You would usually use the canvas for UI elements. You can anchor your elements relative to positions and it should take care of your scaling for different dimensions if done correctly. A gameobject and prefab are almost the same. A gameobject basically is a container of something. It can hold multiple scripts, your sprites, colliders, etc. Take a look at ...


3

My understanding is that Mobile Safari enables JIT compilation of JavaScript which is a pretty significant performance boost. Due to security reasons, the JIT compilation is not available to a UIWebView within native apps, such as PhoneGap wrapped applications. It seems that homescreen apps also run inside of the non-JIT UIWebView, although I read a few ...


3

The computer graphics term for what you're trying to do is picking. The issue with picking from an HTML canvas is that the canvas doesn't understand anything about sprites -- all it knows about is pixels. In more general terms, canvas is a purely graphical representation -- it stores no semantic information. It has no idea what you wanted those pixels to ...


3

System.currentTimeMillis() should be changed to System.nanoTime() / 1000000; currentTimeMillis has an issue in it that sometimes comes back with a weird number and in games causes twitching in animations and graphics


3

You can check whether one rectangle overlaps another rectangle by checking their edges; if we have two rectangles a and b, and if the two rectangles aren't intersecting, then evaluate the following four statements: a's left edge is to the right of b's right edge a's top edge is beneath b's bottom edge a's right edge is to the left of b's left edge a's ...


3

context.clearRect() has a method signature of: context.clearRect(x, y, width, height) In your code, however, you are passing the height and width in the incorrect positions. Changing your call to context.clearRect(0, 0, canvas.width, canvas.height) fixes the issue. MDN clearRect() documentation.


3

The first thing you should do is figure out if you actually have a problem. Is the way you're clearing the canvas now slow? Are you dropping frames because of how you clear the canvas? Regardless of how it looks (for now), remove the call that clears the canvas and measure again. Are your paint cycles a lot faster now? Basically, I wouldn't worry about ...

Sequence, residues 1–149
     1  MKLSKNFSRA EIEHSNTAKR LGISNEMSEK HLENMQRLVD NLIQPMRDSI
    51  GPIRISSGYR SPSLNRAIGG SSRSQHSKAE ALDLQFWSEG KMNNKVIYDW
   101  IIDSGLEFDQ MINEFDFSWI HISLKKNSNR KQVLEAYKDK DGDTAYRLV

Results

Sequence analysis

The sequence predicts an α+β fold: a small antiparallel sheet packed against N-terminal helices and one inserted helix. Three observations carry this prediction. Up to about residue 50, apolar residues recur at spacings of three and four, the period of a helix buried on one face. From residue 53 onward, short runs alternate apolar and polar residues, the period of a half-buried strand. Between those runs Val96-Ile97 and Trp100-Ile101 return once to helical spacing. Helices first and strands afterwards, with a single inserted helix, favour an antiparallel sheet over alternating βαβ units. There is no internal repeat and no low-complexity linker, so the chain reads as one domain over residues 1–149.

3

You are using rect to draw the background of the bars, but you forgot the beginPath. So the rect calls pile up and make the drawings slower and slower each frame. To explain a bit further, each non-direct draw command (arc, rect, lineTo, XXXTo) is used to build the current path. If you never use beginPath to reset the current path, the next frame will ...


3

I'm happy you figured it out, and I find it really cool that you managed to do it in your own way. But yours is a specific solution for a specific occurrence of a very general problem. I would like to explain what exactly happened and why it happened. Just in case others stumble upon this answer, sooner or later, with their own specific occurrence of the ...


3

If the (X,Y) is at the top-left corner of the rectangle as you have drawn in the picture in your question, then the center is simply: (X + W*0.5 , Y - H*0.5 ) Note that it is always a good practice to multiply by 0.5 instead of dividing by 2, since multiplications are much less computationaly expensive than divisions.


3

You need to create some transitional tiles like these: Image source: http://opengameart.org/content/lpc-more-water-transitions (licensed under CC-BY-SA 3.0) As you can see there are tiles in this set which are half deep-water and half shallow-water. This allows you to design the transition from one texture to another in your image editor. The same ...


3

When you have a massive multiplayer game, then giving everyone information about everyone is often overkill (upload bandwidth on the server would increase quadratic with the number of players). In many cases it is completely sufficient to only send updates about those players which are close enough to appear on the player's screen and omit updates for those ...


3

You should keep a copy of the map on both the client and the server. Send updates from the server that propagate to the client. But trying to send a chunk of the map every frame is a recipe for disaster. Drawing should be handled client side and logic handled mostly server side. You could certainly stream in data, but you should not do it once every frame, ...


3

Philip's suggested improvement to DMGregory's answer is important. //Create Image object var image2 = new Image(); //Get context ready var canvas2 = document.getElementById('mycanvasid'); var ctx2 = canvas2.getContext('2d'); //Now, set .onload with function(s) that require a loaded image, before setting .src image2.onload = function () { var x = 0, y =...


2

Simple answer: WebGL with canvas fallback. Nuanced answer: If your game has a lot of text, overlay an HTML text layer. Pixi.js is a battle-hardened display framework with some useful extras that works well for this.


Only top voted, non community-wiki answers of a minimum length are eligible